The company said on Wednesday that it would not move into more than 700,000 square feet in a skyscraper under construction in its home town.
Amazon, led by founder Jeff Bezos, had agreed in 2017 to rent all 30 floors of office space — with room for at least 3,500 employees — in Rainier Square, which will become the second-tallest building in the Pacific Northwest when it opens next year, according to The Seattle Times.
The project became a point of tension in May, however, when Amazon clashed with Seattle’s city council over a tax on top employers to fund affordable housing and homeless services.
Amazon suspended construction work in the city and warned it might sublease rather than occupy the Rainier Square space, saying the tax “forces us to question our growth here”. Amid pressure from Amazon and other large Seattle companies, the council repealed the tax and Amazon resumed its construction projects.
The company on Wednesday said: “We are always evaluating our space requirements and intend to sublease Rainier Square based on current plans. We have more than 9,000 open roles in Seattle and will continue to evaluate future growth.” Amazon declined to disclose the duration of its Rainier Square lease.
It added that it is currently building 2m square feet of office space in the city.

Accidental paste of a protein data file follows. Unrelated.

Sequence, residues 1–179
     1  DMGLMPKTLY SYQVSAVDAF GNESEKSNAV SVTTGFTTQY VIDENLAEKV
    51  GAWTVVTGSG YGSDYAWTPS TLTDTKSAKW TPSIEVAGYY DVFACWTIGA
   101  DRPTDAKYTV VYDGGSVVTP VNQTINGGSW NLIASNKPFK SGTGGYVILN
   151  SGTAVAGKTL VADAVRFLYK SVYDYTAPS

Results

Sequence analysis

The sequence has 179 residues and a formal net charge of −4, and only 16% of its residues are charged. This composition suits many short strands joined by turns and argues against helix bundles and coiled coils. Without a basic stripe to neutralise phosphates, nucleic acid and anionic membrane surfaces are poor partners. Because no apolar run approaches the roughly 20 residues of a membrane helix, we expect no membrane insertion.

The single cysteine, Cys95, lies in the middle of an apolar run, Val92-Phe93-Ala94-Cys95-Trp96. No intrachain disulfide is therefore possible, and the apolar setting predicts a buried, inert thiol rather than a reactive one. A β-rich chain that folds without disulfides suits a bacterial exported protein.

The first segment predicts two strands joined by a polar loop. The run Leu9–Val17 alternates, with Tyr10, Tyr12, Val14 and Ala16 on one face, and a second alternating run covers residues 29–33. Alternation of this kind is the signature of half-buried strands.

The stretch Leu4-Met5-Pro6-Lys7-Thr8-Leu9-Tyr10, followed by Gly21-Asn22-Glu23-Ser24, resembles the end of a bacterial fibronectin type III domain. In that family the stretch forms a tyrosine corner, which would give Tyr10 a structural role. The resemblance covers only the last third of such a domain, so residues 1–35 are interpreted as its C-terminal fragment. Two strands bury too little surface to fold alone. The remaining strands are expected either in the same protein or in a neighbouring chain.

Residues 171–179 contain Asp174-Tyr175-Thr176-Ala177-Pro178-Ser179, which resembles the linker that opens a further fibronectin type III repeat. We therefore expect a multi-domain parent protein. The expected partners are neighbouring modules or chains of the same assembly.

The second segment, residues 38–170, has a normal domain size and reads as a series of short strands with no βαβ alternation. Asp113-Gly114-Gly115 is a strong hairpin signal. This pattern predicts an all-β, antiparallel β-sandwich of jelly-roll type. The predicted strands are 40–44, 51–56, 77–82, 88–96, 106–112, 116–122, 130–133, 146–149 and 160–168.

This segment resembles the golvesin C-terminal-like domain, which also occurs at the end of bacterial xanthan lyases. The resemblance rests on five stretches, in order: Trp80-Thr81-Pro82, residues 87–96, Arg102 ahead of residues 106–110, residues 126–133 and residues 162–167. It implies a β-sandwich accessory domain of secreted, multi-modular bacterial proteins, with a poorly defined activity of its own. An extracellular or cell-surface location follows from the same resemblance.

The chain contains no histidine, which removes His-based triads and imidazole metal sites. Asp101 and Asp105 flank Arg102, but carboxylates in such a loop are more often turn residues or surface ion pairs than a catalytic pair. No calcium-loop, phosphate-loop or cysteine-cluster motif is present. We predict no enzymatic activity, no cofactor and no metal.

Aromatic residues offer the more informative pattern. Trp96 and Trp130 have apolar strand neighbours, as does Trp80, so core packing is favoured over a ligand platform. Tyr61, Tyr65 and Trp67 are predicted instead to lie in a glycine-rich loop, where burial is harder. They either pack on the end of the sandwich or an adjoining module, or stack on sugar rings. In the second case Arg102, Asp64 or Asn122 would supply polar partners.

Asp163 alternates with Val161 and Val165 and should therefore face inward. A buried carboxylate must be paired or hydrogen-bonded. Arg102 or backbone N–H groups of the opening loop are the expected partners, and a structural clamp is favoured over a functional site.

The decision is another indication that Amazon’s long period of rapid growth in Seattle is drawing to a close. The company has fuelled economic expansion, job creation and development as it has grown to employ more than 45,000 people and occupy about 40 buildings in the northwestern US city.
But Amazon has also come under pressure over its perceived role in driving up the cost of living, as real estate prices and rents have also ballooned.
A desire to diversify its corporate footprint and tap new talent pools was the driving force behind the public search Amazon launched in 2017 for a second headquarters that would house 50,000 workers. After more than a year of evaluating candidates across North America, the company announced in November it would split the project between Arlington, Virginia and the Long Island City neighbourhood of Queens, New York.
However, Amazon withdrew its New York plans earlier this month following a vocal backlash from local elected officials and community activists over the financial incentives the state had offered and the potential impact on local residents, housing prices and public transport. The company said it would spread the 25,000 jobs it had planned to bring to New York City over 17 existing North American offices.